News Column

USDA Grant Winners Want in on Leafy Greens Market

May 13, 2013

Any business owner will tell you, introducing a new product is expensive, risky and an upward challenge.

But the owners of San Miguel Produce Inc. and Nishimori Family Farms, two partnering agriculture businesses in Oxnard, Calif., are getting monetary help to introduce their new Asian and conventional leafy greens salads and stir fry kits.

The United States Department of Agriculture recently awarded the family farm and food processor/marketer $300,000 each in matching grants, the top amount the agency can award, to cover the high marketing and consumer education costs that it takes to introduce new products to retailers and restaurants.

"The marketing grants really help us to be more proactive in our reach to retailers and some consumers who will help us get these onto shelves," said Jan Berk, vice president of San Miguel Produce. "It's hard to get new products in, especially ones that are not real common."

Such as yu choy (a type of cabbage), baby bok choy, snow pea shoots and Chinese sausage, the ingredients in one of the new Asian stir fry kits by Nishimori Farms. The kits target Asian consumers, particularly the second-generation that value convenience over price, and the American consumer less-familiar with how to cook Asian greens but curious to learn, Berk said. The kits come with Chinese spices and simple, short stir-fry directions.

The USDA's Rural Development agency awards the grants and requires the two businesses to match the funds and demonstrate a growing customer base and a revenue increase. They aim to encourage growers toward vertical integration -- to process and package their produce, said Glenda Humiston, state director for the program.

The hope is that the successful recipients will hire more people, create higher value products that earn more profit and ultimately connect Californians closer to their food supply, Humiston said.

"They get their hands on that value-added profit margin that might (otherwise) be going to a middle man," Humiston said.

Out of $16.8 million awarded in 110 grants across the country, seven grants worth $1.5 million were awarded to California growers, according to the USDA.

San Miguel Produce is owned by Berk and her husband Roy Nishimori, and Channel Islands Farms is owned by Roy's cousin Steve Nishimori. The cousins are third-generation California family farmers and niche growers, and the two businesses own Nishimori Family Farms, which specializes in the Asian leafy greens.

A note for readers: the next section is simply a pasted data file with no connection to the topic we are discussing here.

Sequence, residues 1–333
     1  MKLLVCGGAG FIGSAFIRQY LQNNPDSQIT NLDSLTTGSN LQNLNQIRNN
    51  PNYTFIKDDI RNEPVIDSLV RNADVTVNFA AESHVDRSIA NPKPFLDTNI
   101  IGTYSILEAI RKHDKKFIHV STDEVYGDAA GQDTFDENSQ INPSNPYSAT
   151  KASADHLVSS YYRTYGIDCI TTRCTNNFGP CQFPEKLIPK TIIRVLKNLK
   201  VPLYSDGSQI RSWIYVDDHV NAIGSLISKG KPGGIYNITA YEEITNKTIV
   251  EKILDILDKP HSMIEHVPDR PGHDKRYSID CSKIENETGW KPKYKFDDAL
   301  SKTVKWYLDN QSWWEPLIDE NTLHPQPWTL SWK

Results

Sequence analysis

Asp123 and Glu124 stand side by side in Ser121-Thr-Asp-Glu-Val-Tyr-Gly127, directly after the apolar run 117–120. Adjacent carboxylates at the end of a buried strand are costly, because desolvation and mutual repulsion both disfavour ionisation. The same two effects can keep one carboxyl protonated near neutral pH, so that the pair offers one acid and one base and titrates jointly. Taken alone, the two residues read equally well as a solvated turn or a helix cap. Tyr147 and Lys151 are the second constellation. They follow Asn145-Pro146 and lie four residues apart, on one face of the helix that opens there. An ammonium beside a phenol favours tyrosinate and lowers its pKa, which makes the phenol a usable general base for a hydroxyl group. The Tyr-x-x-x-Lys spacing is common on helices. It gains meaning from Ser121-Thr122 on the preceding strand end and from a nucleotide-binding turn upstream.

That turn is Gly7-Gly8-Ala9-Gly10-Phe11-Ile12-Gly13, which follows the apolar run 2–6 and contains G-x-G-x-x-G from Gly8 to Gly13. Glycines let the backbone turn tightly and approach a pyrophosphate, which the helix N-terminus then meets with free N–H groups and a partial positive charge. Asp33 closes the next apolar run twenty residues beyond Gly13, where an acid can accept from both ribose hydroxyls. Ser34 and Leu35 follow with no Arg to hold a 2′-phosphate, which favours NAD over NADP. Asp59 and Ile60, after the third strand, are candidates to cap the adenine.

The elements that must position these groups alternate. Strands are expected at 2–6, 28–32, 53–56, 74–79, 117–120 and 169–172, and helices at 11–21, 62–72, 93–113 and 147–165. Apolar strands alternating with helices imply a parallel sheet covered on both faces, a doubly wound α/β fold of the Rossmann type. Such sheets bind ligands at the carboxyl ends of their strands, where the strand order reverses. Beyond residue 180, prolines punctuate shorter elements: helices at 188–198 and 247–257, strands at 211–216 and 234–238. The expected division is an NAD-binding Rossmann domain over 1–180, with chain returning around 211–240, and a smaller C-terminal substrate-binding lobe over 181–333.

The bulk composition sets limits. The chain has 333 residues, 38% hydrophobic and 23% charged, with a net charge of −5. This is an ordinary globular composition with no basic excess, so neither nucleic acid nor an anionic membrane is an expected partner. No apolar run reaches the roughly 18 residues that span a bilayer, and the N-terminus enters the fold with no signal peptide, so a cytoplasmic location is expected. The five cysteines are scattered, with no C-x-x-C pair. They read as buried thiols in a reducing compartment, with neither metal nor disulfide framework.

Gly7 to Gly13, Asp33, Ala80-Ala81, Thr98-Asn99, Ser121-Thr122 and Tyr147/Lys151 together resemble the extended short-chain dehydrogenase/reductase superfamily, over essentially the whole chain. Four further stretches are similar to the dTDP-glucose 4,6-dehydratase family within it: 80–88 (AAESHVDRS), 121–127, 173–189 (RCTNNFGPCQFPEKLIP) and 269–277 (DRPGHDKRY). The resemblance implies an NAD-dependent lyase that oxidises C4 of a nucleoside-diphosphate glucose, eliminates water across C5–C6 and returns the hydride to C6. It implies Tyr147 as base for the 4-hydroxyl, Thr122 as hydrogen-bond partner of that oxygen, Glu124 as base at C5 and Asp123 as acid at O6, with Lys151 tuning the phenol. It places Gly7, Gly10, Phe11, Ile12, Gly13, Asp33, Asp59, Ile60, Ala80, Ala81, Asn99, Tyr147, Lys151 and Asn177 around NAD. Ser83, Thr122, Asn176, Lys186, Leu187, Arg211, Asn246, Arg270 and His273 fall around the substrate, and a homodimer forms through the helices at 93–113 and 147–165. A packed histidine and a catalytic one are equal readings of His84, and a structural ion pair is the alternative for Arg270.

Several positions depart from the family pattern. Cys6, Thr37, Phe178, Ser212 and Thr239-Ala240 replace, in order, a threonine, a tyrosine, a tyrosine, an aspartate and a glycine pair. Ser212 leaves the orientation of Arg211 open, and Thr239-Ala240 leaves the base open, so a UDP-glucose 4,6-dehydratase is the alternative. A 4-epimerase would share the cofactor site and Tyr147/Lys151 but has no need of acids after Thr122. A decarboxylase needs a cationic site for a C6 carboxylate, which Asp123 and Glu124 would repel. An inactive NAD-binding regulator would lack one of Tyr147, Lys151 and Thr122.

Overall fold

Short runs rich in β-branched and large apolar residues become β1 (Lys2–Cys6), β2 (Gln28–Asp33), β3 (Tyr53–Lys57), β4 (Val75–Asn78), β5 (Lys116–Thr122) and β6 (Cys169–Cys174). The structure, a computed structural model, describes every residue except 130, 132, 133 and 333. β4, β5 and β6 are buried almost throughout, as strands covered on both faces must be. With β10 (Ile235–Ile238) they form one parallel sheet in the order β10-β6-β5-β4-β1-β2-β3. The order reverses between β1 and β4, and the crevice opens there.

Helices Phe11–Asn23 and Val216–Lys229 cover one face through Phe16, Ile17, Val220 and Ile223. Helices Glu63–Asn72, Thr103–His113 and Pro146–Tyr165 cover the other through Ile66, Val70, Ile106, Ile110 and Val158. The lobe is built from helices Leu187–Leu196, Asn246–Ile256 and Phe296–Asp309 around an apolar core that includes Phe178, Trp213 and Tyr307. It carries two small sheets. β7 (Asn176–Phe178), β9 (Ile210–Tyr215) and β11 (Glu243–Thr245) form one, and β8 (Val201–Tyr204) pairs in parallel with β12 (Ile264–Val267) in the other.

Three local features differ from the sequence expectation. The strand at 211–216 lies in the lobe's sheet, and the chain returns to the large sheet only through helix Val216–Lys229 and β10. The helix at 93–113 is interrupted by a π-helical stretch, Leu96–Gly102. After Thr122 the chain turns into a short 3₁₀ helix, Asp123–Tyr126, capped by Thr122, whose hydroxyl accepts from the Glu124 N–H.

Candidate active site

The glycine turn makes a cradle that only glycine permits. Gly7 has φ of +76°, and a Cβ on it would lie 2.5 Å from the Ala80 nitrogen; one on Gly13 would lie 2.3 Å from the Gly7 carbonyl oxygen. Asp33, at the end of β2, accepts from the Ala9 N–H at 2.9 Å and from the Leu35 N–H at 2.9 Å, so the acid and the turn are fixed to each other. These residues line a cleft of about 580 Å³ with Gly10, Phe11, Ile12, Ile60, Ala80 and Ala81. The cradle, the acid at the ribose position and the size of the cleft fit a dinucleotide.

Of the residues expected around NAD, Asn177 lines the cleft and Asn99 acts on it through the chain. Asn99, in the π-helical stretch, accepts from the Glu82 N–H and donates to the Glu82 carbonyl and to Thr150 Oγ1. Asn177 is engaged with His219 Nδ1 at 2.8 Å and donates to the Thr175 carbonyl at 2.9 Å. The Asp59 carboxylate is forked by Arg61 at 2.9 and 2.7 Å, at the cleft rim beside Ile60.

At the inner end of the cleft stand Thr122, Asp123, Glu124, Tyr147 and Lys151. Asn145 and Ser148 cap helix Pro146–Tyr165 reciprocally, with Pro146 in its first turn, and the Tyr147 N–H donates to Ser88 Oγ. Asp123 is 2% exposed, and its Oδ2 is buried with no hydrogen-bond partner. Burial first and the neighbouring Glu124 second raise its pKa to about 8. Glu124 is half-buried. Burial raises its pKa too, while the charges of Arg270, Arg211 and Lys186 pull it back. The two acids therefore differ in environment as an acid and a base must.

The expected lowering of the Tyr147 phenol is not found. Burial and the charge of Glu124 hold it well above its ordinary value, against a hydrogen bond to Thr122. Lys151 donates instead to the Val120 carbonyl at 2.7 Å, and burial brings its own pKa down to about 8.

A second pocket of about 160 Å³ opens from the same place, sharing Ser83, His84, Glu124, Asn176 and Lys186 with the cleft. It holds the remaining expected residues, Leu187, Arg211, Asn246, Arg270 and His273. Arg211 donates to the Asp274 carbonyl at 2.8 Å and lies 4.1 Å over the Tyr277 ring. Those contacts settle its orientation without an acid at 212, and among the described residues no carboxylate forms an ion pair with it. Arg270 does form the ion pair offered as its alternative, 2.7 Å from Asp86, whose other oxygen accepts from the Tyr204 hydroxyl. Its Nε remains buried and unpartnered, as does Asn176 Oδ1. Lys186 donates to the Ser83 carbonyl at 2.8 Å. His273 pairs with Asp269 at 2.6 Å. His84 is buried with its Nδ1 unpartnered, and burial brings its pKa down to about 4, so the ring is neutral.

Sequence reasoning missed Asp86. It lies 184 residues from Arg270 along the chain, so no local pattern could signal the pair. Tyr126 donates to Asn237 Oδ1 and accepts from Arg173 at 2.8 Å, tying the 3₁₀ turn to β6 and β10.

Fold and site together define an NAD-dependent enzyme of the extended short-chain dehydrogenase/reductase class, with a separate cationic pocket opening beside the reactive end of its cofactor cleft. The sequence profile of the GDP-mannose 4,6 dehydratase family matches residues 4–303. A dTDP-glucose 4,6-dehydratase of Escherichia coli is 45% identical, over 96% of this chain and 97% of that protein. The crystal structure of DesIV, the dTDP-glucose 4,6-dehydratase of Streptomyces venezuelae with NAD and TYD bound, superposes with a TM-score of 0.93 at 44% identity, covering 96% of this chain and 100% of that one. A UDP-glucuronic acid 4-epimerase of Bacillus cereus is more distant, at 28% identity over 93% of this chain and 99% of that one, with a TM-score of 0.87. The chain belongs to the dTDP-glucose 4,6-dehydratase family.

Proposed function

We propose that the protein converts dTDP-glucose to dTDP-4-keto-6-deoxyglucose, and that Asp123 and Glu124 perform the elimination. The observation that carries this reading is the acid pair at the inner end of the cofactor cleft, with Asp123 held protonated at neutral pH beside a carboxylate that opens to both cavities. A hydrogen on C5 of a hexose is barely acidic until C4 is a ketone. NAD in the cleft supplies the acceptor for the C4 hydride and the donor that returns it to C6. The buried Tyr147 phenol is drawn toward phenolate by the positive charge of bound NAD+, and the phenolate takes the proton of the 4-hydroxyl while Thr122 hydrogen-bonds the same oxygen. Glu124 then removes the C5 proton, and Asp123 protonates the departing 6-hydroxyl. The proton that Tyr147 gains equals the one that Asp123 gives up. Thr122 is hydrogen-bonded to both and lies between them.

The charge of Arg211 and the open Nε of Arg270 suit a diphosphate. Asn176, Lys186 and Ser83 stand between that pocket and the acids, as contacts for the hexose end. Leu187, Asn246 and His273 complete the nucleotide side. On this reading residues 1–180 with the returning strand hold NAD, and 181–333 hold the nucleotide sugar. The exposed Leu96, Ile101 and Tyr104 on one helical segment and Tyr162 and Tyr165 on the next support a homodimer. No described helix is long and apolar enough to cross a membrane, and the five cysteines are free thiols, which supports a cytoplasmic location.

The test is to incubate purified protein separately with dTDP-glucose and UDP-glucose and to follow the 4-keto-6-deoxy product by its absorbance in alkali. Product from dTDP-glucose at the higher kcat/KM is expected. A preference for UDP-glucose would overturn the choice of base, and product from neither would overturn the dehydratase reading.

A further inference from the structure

"That was the purpose of getting together," Roy said, "to take these ethnic vegetables and introduce them to the Asian market and mainstream market in the United States, and especially the second-generation Asians."

Nishimori Farms will use the grant money to market under the Jade line the Asian stir fry kit and a ready-to-eat Asian salad called EnerChi of bok choy, snow pea shoots, mustard greens, carrots and other greens.

San Miguel Produce is marketing several new salad kits under the Cut'N Clean Greens brand with the "super greens," such as organic kale, spinach and beet greens. The businesses have been trying to reposition the historical cooking greens as salad greens to the health-conscious market because of their high nutrient value when raw or lightly cooked, Berk said.

"You don't have to cook the health out of them," Berk said. "The focus for us is to focus more on educating consumers you can eat kale raw, and the beet varsities."

Although the farms currently sell conventional leafy greens to buyers of cooking vegetable at supermarkets such as Safeway and Kroger, they have to to start from scratch to convince salad buyers to take on their products, Berk said.

The grant money will be spent on retail production promotions, such as buying ad space in retail flyers, paying system setup fees, paying for rebates and buying shelving and racking systems, displays and signage, Berk said.

"Each retailer is very different so we have to work our way through those nuances," Berk said. "Bringing in some oddball greens like this -- it's an expense and a risk. It (the grant money) helps us to help get that barrier down."

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(c)2013 Ventura County Star (Camarillo, Calif.)

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Source: Copyright Ventura County Star (CA) 2013


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